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The National Asthma Council Australia has launched two new education resources to meet demand from health professionals wanting to stay informed about the latest medications and treatment options.

The first resource, a new chart Selecting & Adjusting Asthma Medication for Adults & Adolescents, provides a visual reference to medications for each level of the popular “Selecting and adjusting medication for adults and adolescents’ diagram” from the Australian Asthma Handbook.

“The chart is popular with GPs and pharmacists as there has been an explosion of so many different inhalers and devices on the market. This presents a real challenge and can cause confusion for both patients and healthcare workers,” he said.

“This chart now brings all of the information together in a visual format of medications and when to use them, in one place as a quick reference.

“We hope that GPs and pharmacists will use this visual aid to help patients understand the place of their therapy and to reinforce the important place of preventer therapy in the management of almost everyone with asthma.”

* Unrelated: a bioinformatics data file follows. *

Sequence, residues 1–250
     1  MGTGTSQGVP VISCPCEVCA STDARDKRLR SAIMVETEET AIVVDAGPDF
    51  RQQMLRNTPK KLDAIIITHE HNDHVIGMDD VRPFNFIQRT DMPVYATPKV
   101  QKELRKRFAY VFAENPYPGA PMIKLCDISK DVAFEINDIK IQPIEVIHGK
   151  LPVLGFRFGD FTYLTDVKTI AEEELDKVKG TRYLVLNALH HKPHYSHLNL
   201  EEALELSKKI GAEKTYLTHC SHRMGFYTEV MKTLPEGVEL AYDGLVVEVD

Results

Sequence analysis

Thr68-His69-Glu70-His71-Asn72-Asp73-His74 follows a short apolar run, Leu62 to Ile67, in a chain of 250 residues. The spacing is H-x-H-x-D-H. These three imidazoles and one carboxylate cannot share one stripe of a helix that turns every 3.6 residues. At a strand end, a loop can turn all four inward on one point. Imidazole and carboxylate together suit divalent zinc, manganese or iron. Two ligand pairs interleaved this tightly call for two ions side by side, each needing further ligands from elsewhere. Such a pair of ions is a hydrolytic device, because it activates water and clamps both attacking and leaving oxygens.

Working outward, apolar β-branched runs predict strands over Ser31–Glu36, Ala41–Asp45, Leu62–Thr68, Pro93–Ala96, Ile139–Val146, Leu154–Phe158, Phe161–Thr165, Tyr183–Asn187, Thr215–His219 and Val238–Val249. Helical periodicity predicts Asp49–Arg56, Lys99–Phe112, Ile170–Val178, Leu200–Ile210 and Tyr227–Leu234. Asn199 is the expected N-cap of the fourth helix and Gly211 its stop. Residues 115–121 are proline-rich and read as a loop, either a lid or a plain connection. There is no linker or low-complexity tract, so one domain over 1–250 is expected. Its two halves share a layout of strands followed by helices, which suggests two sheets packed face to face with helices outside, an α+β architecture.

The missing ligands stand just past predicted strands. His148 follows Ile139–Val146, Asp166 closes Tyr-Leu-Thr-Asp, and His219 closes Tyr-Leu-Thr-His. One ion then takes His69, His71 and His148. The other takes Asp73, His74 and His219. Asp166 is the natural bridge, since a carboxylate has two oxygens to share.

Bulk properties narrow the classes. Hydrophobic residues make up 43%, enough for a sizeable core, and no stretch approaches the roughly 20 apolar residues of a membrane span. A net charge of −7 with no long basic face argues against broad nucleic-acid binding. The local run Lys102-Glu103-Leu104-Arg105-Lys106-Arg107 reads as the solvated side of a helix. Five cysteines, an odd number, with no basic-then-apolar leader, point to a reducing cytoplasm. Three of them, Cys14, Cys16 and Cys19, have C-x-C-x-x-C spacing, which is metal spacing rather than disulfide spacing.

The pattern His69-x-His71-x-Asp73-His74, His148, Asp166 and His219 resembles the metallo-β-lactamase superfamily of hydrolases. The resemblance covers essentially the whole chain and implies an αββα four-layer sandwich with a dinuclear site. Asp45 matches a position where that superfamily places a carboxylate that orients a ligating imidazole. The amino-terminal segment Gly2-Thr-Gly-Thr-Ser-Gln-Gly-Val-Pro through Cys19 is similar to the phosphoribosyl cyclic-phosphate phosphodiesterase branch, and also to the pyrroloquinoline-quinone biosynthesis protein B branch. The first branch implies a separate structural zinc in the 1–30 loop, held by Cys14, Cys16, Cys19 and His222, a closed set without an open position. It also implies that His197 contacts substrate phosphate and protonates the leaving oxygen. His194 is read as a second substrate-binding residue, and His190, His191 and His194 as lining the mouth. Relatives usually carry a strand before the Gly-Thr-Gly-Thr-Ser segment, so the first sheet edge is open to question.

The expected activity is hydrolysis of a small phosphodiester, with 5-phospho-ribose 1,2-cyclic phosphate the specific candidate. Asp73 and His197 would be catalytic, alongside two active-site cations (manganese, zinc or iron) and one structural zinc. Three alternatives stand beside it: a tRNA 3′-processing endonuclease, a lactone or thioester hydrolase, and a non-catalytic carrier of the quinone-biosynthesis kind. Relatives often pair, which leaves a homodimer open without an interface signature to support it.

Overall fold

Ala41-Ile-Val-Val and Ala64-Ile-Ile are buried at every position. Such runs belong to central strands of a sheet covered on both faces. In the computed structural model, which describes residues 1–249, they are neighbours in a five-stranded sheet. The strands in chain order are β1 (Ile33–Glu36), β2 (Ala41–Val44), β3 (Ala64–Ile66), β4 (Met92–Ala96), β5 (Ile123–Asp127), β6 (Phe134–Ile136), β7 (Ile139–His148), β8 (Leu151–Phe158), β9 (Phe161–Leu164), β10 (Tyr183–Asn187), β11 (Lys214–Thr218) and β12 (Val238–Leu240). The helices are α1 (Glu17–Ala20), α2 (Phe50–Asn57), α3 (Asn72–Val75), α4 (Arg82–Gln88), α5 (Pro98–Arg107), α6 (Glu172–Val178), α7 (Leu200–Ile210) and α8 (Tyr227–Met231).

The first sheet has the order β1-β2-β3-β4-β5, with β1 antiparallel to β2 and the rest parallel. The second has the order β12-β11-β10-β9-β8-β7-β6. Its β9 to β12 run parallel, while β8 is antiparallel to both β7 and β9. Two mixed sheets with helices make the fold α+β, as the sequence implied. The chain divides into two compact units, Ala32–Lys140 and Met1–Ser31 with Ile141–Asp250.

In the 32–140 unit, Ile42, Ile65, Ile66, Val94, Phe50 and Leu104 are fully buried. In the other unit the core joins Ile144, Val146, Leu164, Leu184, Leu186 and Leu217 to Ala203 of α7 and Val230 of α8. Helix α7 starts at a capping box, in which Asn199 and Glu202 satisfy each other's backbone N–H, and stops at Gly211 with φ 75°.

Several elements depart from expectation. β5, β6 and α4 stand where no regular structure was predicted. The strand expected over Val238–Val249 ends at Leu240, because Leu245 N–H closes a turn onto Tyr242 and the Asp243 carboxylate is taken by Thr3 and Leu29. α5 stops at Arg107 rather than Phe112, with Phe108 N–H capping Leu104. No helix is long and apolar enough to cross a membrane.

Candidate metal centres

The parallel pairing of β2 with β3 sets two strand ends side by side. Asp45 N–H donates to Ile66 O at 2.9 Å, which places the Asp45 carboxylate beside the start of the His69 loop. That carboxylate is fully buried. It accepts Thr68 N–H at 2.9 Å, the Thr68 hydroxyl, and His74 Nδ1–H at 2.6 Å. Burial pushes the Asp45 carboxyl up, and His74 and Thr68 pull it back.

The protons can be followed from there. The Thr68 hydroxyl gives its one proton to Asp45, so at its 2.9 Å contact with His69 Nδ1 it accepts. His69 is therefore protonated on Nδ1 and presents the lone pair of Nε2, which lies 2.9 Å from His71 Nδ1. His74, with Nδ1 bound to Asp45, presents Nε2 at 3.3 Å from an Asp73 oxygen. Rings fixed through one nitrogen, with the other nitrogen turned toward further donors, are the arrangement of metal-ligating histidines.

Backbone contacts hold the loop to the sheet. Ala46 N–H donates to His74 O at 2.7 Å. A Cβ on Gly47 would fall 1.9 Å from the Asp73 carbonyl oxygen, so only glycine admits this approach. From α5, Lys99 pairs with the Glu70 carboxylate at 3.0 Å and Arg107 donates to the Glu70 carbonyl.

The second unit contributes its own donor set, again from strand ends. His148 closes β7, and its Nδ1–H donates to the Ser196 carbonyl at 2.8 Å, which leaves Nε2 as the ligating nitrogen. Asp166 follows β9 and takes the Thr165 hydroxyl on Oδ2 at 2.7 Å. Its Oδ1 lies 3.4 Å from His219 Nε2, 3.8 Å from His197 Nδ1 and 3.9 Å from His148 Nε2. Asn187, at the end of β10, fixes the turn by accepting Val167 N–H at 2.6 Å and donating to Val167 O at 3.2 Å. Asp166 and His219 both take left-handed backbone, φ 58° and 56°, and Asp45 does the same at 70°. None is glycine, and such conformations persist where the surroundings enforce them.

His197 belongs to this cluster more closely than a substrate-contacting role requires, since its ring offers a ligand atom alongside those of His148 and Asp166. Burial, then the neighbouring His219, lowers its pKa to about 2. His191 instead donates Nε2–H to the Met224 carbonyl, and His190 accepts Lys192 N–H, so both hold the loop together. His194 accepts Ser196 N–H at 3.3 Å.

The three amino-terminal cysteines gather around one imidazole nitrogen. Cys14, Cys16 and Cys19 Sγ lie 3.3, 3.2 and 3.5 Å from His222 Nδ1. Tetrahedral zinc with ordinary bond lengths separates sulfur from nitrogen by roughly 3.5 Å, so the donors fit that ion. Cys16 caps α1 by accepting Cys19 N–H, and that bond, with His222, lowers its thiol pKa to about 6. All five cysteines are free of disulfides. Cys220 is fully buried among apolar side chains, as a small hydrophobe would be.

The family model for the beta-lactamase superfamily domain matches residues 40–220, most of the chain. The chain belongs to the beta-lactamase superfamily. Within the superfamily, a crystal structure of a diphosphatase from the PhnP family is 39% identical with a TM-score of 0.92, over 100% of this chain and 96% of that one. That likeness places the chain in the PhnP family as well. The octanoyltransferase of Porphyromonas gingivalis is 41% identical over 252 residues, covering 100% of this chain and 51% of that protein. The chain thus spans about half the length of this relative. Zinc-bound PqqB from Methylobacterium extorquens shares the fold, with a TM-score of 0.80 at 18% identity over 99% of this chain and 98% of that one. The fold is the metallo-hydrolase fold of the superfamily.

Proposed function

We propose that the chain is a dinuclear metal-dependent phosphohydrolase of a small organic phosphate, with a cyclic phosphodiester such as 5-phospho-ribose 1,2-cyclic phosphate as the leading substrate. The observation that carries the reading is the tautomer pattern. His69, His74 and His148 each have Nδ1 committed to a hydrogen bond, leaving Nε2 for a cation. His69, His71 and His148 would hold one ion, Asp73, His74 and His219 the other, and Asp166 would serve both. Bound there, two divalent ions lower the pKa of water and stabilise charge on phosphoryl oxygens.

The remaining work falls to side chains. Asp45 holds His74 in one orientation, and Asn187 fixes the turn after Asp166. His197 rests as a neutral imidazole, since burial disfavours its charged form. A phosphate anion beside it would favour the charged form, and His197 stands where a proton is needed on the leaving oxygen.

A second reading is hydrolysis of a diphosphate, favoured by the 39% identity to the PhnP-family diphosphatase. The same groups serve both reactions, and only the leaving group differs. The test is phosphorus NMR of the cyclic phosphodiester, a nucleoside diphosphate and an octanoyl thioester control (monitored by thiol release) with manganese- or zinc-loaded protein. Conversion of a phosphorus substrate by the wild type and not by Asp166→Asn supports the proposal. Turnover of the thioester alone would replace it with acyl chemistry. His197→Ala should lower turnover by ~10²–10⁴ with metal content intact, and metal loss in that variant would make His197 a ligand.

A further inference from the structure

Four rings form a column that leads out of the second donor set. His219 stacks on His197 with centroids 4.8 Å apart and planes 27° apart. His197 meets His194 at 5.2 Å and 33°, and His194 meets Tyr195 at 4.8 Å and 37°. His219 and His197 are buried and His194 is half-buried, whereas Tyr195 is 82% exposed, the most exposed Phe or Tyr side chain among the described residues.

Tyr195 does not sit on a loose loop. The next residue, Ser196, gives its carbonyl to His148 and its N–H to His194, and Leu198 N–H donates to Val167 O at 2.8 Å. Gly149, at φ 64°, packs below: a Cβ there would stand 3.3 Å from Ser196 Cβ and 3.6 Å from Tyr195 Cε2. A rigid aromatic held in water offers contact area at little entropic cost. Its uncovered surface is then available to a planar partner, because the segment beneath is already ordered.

The second new resource is an updated version of The Asthma & COPD Medications chart, which offers a guide to the main types of asthma and COPD medications available in Australia. As well as including all of the latest inhalers available in Australia, the updated version specifies the PBS reimbursement status of each medication as of April 2022.

Professor Wark said the wall chart remains one of the National Asthma Council’s most popular print and downloadable resources.

“The chart brings together a quick reference guide that touches on the best approach to asthma and COPD and when to use the right inhalers at the right time,” he explained.

“It is a useful education resource for health professionals to help with identification and explanation of different treatments.

“This is such a changing environment and keeping up-to-date is a major challenge, so it is important for GPs and pharmacists to keep informed about new medications and also existing medications where packaging or branding has changed.

“Even when patients don’t remember the name of their inhaler, they will recognise it. They can see where it should be placed in therapy and it is also an important aid also for those when English is not their first language.”

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